The Legion estimated that 55,000,-
000 postwar jobs must be found "if
we are to preserve our free America."
"Although four houses have been
closed sincei1941, the Inter-Coopera-
oeative Council expects intensive cam-
pus co-op expansion after the war,"
Frank Nakamura recently re-elected
ICC president said yesterday.
Nakamure stated that the local
co-op is purchasing two houses, at
816 Forest and 1017 Oakland while
improving houses already in use.
"At present five houses, of which
three are women's residences, are
open," he said, "but after the war,
local co-op membership will be raised
by veterans who belonged to the
group before going into service."
i - *,
Give To The
Double life for a suit-morning and afternoon acces-
sories that change the face of your suit with chameleon
quickness, make it appropriate for an a.m. or p.m. occasion.
As Vogue tersely puts it-"Accessories are the etiquette
of fashion" and "It's how you wear accessories, this spring,
that makes all the difference."
A-Handbags B-Eisenberg C-Handkerchiefs
* Genuine Alligator * White Hand
* Morocco * Clips Embroidered
" Alligator Grain
* Lizzard Grain
DETROIT, March 24-(AP)-A ma-
chine for preparing polio packs used
in treatment of infantile paralysis
patients has been designed, perfected
and constructed by United Auto-
mobile Workers (CIO) members at
the Spicer Manufacturing Co., To-
ledo, vice president Walter P. Reuth-
er o fthe international union said to-
Efficiency of the machine has been
estimated by the Toledo Society for
Crippled Children at approximately
six times that of the old method of
preparing the packs by using a wash-
tub and wringer.
Spicer workers collected $15,000 to
build the machine, Reuther said, and
have turned over all patent and roy-
alty rights to the society for crippled
The packs, for use in accordance
with the Sister Kenny technique,
must be of a precise, specified tem-
perature and their moisture evenly
Teen. gers To Go
On Station WKAR
The qualities of a good mother as
seen by teen-age youngsters will be
discussed at 2:30 p.m. tomorrow in
one of a series of programs on fam-
ily life to be presented by the Uni-
versity overstation WKAR.
The six Ann Arbor high school
students to take part in the program
believe that some of the desirable
qualities of a mother are: making the
young folks feel they are welcome in
the home, allowing them to mess
around in the kitchen, giving them a
chance to learn by doing things and
enjoying sports events along with the
'' .r-'' r«y '
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.end w'hat' moro f siivathcn
Campesino Linen darling
THE MICHIGAN DAILY SERVICE EDITION
Wui ~ct w"ith ixi gat ricl.zvcick trim?
MARCH 25, 1945
ANN ARBOR, MICH.
most students who are as-
signed in the V-12 pro-
gram to a specialized cur-
riculum and who will have
completed four terms by
July 1, will not be transfer-
red to the NROTC but will
be allowed to continue as
members of V-12. Prof.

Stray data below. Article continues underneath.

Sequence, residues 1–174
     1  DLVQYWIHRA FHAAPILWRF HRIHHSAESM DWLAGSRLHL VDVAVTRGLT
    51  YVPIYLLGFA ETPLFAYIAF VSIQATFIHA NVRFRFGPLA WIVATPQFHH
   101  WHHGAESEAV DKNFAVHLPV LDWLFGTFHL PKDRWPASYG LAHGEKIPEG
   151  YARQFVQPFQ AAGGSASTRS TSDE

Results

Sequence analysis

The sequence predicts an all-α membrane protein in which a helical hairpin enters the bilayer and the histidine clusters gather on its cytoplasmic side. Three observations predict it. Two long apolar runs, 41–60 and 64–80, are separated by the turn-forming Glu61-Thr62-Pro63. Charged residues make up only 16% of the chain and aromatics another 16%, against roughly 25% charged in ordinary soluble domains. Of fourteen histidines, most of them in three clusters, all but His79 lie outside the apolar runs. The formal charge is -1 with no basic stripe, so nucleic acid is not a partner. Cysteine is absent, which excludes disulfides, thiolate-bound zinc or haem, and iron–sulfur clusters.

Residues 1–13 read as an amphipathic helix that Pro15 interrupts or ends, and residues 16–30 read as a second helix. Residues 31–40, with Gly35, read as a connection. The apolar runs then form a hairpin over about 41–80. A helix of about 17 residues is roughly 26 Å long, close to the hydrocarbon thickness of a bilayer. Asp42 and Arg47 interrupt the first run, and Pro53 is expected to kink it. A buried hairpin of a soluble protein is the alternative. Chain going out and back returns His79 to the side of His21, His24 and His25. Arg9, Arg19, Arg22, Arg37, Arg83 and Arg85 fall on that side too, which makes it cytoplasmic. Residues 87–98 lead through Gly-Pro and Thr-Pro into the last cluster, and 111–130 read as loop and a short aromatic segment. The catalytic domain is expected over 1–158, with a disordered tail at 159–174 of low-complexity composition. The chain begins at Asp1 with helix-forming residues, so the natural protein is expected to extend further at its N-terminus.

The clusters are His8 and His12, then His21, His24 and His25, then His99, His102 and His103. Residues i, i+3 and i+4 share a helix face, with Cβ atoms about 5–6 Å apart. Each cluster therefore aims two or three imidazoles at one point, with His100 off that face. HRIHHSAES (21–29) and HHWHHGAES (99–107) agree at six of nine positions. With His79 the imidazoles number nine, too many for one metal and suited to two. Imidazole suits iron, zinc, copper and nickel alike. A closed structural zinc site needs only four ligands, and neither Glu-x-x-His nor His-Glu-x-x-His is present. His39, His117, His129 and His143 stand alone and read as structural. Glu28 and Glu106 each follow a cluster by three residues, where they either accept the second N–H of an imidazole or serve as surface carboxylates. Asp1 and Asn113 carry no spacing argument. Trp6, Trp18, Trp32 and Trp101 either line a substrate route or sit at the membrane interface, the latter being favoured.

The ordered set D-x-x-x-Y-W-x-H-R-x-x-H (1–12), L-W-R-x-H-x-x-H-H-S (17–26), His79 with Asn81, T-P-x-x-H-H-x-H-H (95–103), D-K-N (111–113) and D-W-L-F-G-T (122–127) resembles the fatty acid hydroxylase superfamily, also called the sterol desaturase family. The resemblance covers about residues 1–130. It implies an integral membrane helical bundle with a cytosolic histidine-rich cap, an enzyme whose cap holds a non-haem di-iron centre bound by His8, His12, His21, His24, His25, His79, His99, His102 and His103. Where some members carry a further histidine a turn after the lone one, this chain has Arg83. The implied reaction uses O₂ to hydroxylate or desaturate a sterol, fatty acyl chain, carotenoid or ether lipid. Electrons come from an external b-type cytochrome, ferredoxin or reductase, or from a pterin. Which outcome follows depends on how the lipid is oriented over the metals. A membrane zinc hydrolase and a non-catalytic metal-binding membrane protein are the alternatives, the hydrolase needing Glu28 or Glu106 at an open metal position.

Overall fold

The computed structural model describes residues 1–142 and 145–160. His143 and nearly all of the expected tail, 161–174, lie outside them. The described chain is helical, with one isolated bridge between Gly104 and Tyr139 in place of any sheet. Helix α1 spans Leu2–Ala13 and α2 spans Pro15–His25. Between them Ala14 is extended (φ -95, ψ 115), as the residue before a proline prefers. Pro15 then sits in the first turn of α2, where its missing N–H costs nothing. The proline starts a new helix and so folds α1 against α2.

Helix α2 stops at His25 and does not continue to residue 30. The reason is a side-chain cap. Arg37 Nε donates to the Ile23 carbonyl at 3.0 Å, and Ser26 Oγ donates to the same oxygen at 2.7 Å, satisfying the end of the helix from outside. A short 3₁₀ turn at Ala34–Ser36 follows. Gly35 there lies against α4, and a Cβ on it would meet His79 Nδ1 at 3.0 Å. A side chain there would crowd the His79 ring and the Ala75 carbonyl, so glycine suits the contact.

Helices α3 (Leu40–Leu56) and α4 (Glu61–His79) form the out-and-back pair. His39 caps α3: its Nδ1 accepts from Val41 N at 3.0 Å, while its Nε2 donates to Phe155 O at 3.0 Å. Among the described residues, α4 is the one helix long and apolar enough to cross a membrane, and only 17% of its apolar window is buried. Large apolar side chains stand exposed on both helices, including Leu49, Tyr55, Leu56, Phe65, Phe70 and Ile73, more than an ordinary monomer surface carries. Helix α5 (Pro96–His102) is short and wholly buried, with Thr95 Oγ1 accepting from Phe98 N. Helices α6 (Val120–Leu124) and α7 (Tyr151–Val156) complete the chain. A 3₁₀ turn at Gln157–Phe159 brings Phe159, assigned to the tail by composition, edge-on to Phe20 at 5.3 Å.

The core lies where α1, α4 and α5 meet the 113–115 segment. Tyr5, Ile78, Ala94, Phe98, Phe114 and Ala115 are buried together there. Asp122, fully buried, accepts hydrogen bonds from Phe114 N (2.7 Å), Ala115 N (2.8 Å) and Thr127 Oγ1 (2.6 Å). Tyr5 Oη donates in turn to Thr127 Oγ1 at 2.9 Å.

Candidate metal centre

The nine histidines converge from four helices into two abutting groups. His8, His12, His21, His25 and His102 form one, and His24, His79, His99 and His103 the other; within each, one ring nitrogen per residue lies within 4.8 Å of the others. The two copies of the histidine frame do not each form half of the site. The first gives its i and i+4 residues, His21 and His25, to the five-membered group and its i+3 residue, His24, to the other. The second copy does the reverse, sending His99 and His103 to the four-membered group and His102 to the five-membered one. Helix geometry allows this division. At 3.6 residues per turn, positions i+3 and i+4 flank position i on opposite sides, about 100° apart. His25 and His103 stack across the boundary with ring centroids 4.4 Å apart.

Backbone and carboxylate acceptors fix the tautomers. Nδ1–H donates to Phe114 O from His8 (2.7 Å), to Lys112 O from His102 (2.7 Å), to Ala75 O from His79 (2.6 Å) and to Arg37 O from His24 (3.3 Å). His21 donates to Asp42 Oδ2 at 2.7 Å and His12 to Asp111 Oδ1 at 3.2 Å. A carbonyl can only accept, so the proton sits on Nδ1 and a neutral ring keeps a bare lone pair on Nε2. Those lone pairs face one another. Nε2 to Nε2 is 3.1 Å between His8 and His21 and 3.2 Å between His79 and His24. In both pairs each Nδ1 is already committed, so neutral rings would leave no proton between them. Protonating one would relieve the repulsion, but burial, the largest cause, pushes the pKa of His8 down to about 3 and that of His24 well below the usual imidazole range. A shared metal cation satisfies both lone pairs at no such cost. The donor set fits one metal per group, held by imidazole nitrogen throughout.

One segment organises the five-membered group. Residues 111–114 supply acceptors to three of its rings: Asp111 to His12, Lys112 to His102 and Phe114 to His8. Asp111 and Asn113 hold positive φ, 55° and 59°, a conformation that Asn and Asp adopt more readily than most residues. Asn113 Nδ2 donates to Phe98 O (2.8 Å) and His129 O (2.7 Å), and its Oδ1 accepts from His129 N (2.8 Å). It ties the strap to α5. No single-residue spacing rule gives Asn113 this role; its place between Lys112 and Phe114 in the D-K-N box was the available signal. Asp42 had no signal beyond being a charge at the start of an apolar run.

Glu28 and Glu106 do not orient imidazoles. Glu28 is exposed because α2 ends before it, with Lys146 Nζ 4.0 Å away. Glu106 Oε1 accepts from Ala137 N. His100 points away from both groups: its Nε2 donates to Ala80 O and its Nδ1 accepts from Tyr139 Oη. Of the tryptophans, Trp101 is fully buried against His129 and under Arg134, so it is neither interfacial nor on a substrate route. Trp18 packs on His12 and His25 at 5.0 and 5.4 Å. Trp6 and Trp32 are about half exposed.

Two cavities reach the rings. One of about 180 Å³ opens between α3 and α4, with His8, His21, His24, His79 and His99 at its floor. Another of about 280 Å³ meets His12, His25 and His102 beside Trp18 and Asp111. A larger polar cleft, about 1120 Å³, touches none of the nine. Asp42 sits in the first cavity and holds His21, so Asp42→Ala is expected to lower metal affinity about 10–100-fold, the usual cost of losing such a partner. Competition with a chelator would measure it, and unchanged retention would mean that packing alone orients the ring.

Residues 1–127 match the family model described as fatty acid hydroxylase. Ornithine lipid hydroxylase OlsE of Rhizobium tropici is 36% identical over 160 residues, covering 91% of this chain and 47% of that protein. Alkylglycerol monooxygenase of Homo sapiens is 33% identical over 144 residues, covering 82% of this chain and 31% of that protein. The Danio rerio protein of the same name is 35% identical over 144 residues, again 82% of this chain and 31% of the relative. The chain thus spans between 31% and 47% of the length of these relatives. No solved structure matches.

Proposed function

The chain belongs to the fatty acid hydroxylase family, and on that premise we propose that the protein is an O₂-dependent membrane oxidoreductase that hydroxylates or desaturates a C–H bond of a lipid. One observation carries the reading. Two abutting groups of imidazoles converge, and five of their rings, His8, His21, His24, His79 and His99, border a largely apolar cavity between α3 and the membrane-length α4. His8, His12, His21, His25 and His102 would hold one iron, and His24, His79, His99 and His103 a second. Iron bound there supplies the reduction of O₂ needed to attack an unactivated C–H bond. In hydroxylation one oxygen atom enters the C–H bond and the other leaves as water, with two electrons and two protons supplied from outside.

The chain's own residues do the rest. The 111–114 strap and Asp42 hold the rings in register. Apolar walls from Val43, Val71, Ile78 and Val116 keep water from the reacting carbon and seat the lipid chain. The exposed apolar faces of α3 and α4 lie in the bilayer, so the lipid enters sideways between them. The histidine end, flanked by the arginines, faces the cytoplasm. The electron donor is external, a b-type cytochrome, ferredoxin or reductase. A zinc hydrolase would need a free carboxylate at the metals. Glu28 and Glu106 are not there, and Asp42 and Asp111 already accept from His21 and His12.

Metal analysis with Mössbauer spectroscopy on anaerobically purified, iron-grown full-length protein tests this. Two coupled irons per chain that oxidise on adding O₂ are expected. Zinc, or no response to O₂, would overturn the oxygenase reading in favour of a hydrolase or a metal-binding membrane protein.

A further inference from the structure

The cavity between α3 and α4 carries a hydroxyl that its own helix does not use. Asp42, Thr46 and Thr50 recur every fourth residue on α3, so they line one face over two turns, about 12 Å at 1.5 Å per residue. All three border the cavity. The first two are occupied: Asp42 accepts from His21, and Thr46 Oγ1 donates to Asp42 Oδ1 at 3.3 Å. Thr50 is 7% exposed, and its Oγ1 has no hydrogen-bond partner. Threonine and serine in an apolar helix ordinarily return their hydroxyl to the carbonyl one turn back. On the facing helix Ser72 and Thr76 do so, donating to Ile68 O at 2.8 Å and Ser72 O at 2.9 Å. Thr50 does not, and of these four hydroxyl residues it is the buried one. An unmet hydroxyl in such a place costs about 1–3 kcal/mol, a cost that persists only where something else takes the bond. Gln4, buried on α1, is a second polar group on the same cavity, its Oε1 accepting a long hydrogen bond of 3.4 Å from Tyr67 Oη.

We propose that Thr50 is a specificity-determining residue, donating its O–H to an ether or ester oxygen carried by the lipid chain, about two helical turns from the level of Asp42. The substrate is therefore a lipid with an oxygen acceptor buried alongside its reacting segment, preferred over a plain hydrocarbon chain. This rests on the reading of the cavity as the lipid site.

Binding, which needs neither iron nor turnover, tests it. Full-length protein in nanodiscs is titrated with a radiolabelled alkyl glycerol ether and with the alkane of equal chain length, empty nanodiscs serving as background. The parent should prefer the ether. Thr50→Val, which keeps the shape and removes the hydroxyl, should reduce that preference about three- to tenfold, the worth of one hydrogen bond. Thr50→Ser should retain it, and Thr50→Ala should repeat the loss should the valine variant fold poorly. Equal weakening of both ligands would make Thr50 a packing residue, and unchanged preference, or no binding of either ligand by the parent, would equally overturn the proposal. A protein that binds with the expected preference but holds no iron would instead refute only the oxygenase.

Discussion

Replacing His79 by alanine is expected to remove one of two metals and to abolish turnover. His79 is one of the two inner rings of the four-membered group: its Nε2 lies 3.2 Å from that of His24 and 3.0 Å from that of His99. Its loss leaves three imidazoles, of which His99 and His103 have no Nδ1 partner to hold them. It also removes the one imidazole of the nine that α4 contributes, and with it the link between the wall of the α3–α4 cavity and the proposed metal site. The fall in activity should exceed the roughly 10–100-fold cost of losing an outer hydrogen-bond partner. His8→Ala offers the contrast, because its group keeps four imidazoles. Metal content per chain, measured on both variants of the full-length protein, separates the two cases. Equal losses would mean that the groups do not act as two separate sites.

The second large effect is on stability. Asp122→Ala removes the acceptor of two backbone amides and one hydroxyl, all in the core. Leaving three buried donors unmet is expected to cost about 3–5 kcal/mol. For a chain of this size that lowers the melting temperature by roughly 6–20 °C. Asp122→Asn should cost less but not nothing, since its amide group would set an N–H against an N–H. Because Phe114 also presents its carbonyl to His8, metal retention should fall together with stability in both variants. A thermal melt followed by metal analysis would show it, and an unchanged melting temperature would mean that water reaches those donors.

Clarence F;. Kessler said
that under the new pro-
gram men will have a wid-
er choice of electives than
they had under the V-12
program, in which all cour-
ses were prescribed. The
students who will have
completed four semesters
in the V-12 by July 1, will
continue to take a vary-
ing number of terms up to a
total of eight, and willj be
transferred to Naval Re-
serve Midshipman School
for an additional term of
intensive training prior to
SGT. IRVIN "PETE"
Lisagor, '39, an ex-editor
of The Daily and varsity
baseball player, revealed
the "inside dope" on the
London Stars and Stripes,
of which he is managing
editor, in a recent letter to
T. H. Tapping, editor of the
Michigan Alumnus. "Pete"
six days a week by the Lon-
don Times, and many of
our most amusing experi-
ences come from trying to
acquaint the printers and
compositors with GI lingo.
PROSPECTS are that
the Michigan baseball team
which runs out on the field
for the opening game this
season will be the most
seasoned in Wolverine
diamond history. Normal-
MICHIGAN'S track squad
topped off its indoor season
at Lafayette;,f Id. last
night by winning first
place in the University di-
vision of the Purdue Re-
lays, beating second place
Illinois, 361/2 to 20. Scor-
ing heavily in the long dis-
tance relay events and us-
ing its traditional team bal-
ance to good advantage,
the Wolverines had little
difficulty in annexing the
title for the second year in
a row. Coach Doherty's
men raced to victory in the
two-mile relay and dis-
tance niedley relay, finish-
ed second in, both the mile
relay and sprint medley,
and picked up two thirds
anid a fourth in individual
events to roll up their win-
ning margin. Miami'Uni-
- Ludwig Bemelmans ..
THE BLUE DANUBE
AMONG the thousands of "Job Ob-
jectives" listed in the "Dictionary of
Occupational Titles," published by
the Federal government, there are
several hundred to which our cours-
es lead. Among them are these:
CAPTAIN FROM CASTILE - Samuel Shellabarger
APARTMENT IN ATHENS - Glenway Westcott
THE TROUBLED MIDNIGHT - John Gunther
SOLUTION IN ASIA - Owne Lattimore .
BATTLE REPORT - Comdr. Jarig & Lt. Kelly
TEACHER IN AMERICA - Jacque Barzum . . .
MASQUE OF REASON - Robert Frost .
BLACK BOY - Richard Wright . .
TALKING IT OVER-Golfers Ben Hogan (left)
and Ed Dudley, chat as they await the starter's
call during the four-ball golf tournament at
Hogan is in
the Army, and Dudley is
English hospital. The two
were close friends and
great soldiers, the investi-
Office Clerk Stenotypist
Office Machine Operator
Such positions require technical
business training. For those who
have ability and ambition, they lead
to executive positions in business.
We'll be glad to help you choose
your post-war goal, and to suggest
the course which will prepare you
for it most effectively, in minimum
. JUVENILES ..
WHITE RABBIT WITH MAGIC NOSE - illustrated by Masha
CHILD'S BOOK OF BIBLE STORIES - illustrated by Masha .
COUNTRY BUNNY AND THE LITTLE GOLD SHOES .
. . 1.00
. . 1.50
. . 2.00
anonymous soldier as its
man of the year. The last
project turned out to be
PETER RABBIT - Animated . . .